Re: What Matriarchy? (was Drugs etc.)

sgf (
23 Jul 1996 20:26:18 GMT

In article <4suefs$>,
:) <> wrote:
>In <> (Aaron
>Clausen) writes:
>>When you look at history, all people shared work. Women took care of
>>the cave and the gathering, men went out and got big animals to eat.
>>Simplistic perhaps, but it gives you an idea.
>Really? And if this is so, and there is no documented proof in ancient
>history, how can you prove your ideas? How do you know for sure there
>was never a matriarchy? Just as we have no proof of that, we also have
>no proof there wasnt. Unless you base ancient history on cultures that
>DID record history much, much later.

No. We *don't* know for sure that there was never a matriarchy. But we
*do* know that so far we have never found one, and we know that
modern-day and recently-past cultures that live and lived close to the
same way that our hunting/gathering ancestors did all organize themselves
along women gather/men hunt lines. In most h/g cultures, these are not
hard-and-fast; i.e. a woman out gathering who sees an animal *and* is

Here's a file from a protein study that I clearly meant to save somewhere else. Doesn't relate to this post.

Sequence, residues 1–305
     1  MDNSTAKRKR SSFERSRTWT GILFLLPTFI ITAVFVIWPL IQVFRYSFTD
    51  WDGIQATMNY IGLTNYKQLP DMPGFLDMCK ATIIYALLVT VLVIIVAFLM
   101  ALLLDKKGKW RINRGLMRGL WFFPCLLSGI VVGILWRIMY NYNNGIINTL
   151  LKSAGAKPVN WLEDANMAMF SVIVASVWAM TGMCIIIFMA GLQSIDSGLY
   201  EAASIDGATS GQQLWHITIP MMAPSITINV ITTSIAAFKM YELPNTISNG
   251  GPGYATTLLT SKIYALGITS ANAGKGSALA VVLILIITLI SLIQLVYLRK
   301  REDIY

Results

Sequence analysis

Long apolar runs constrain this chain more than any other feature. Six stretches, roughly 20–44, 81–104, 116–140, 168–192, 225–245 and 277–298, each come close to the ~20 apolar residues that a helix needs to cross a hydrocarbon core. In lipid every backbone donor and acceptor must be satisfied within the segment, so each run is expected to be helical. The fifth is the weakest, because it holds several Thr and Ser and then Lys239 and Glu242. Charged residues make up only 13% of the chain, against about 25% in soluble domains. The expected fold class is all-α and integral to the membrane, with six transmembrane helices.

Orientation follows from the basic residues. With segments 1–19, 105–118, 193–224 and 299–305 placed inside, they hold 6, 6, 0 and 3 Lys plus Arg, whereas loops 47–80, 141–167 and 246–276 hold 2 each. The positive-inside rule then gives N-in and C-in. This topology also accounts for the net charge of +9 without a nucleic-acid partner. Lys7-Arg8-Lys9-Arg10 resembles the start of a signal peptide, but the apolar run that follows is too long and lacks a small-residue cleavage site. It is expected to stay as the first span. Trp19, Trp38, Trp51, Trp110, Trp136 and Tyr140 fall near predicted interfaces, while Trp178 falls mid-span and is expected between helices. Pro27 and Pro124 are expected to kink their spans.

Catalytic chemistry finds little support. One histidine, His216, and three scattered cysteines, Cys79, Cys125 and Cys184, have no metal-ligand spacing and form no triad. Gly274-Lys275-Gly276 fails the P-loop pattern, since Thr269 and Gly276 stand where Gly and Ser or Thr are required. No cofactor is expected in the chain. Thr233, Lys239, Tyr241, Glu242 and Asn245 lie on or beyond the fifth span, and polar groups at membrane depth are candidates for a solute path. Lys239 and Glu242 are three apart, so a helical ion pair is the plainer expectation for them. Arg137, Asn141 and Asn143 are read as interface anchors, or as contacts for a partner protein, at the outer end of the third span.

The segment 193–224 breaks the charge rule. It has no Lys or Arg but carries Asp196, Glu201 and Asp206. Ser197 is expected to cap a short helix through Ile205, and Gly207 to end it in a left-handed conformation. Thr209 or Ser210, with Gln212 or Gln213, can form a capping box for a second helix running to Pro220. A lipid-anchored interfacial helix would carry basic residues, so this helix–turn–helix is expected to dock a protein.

carrying the weapons necessary won't be stopped from killing it because
it's "men's work" (although they usually come back and tell the men where
they saw it, for next day's hunt), and a man out hunting who's not having
much luck getting meat is likely to dig himself a few roots.

However, that's beside the point, because in these cultures there rarely
is on person or persons that has enough power for the group to be
considered an "-archy" of ANY sort. In h/g societies, leaders lead only
because the rest of the group lets them, and anyone who tries to exert
power over others is likely to be laughed out of office.

The people who are listened to and asked for advice tend to be not male,
not female, but *old*. The gender doesn't matter so much as accumulated

So, I would assume that there is a good chance that our ancestors did not
live in matriarchies *or* patriarchies, but gerontocracies, if one can
say that anyone has "power" over anyone else.


-- <*>
"Assiduous and frequent questioning is indeed the first key to wisdom ...for
by doubting we come to inquiry; through inquiring we perceive the truth..."
--Peter Abelard (..........I claim this .sig for Queen Elizabeth)